But Cybereason, which made this year's Disruptor 50 list for the second time, is cutting costs anyway. Last week, the company confirmed that it’s laying off 10% of its workforce, or about 100 employees. The reductions follow the dramatic swing in the economy this year and the beating that software stocks have taken in the public market.
A report in April from security company Sophos said that 66% of organizations surveyed were hit by a ransomware attack in 2021, up from 37% the prior year. The average ransom payment increased almost fivefold to more than $800,000, the report said.
The crisis has intensified this year, with cyberattacks from Russia on the rise following the country’s invasion of Ukraine in February. Cybersecurity authorities from the U.S. and four ally countries released an advisory in April, warning of a jump in cyber activity “as a response to the unprecedented economic costs imposed on Russia as well as materiel support provided by the United States and U.S. allies and partners.”
Cybereason’s technology is designed to recognize when and how malicious attacks are taking place by establishing a constant real-time view of what’s happening inside networks. The company has been particularly effective at helping clients fend off ransomware attacks, thanks to a web of sensors across the world that automatically identify anything suspicious or unfamiliar that hits a network.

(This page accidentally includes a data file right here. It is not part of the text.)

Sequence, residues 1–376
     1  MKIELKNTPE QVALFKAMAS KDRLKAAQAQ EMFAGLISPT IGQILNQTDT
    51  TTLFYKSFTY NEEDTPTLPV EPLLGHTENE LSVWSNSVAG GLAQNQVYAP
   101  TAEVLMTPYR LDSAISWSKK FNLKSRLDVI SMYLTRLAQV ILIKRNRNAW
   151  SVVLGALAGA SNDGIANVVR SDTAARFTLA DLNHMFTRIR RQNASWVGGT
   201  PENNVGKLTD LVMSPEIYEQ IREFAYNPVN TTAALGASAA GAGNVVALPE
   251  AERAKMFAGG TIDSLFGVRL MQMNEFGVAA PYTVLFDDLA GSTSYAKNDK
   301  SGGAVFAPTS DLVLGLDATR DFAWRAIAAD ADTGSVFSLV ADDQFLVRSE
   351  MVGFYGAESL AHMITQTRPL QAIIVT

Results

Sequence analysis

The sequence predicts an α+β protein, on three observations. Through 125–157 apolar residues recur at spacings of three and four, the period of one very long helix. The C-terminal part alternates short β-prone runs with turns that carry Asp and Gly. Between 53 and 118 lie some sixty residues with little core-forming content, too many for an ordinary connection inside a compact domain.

Last year, Cybereason raised $325 million, taking advantage of an insatiable demand for high-growth software names. Div said he’d set out to raise just $200 million, but money was so free and easy that the company went bigger.
Four months later, the Nasdaq peaked. Since then, the tech-heavy index is down 27%. Cybereason’s closest public market rivals, SentinelOne and CrowdStrike, have dropped 66% and 35%, respectively, over that stretch. Meanwhile, SentinelOne reported revenue growth of 109% in the latest quarter from a year earlier, while CrowdStrike increased 61%.
Across the board, investors have rotated out of high-growth tech, moving into names and sectors that are generally viewed as safer in an environment of rising inflation and interest rates. The IPO market ground to a halt just as Cybereason was confidentially filing paperwork for an upcoming offering.
In late May, cloud security software vendor Lacework, ranked No. 25 on this year's D50 list, said it was cutting 20% of its workforce, just six months after raising $1.3 billion at an $8.3 billion valuation. The company said a “seismic shift” in the markets forced it to make modifications.
“While we do not have control of the environment around us, we do have a responsibility to control how we operate our business and make changes as needed to best position the company for continued and long-term success,” Lacework said in a blog post.
The layoffs and hiring freezes at companies that had been in hyper-growth mode are likely to have a trickle-down effect across the labor market in the industry. While every CEO and recruiter will say that competing for top technical talent, particularly in security, remains as tough as ever, the market turmoil has employers reconsidering how they think about compensation.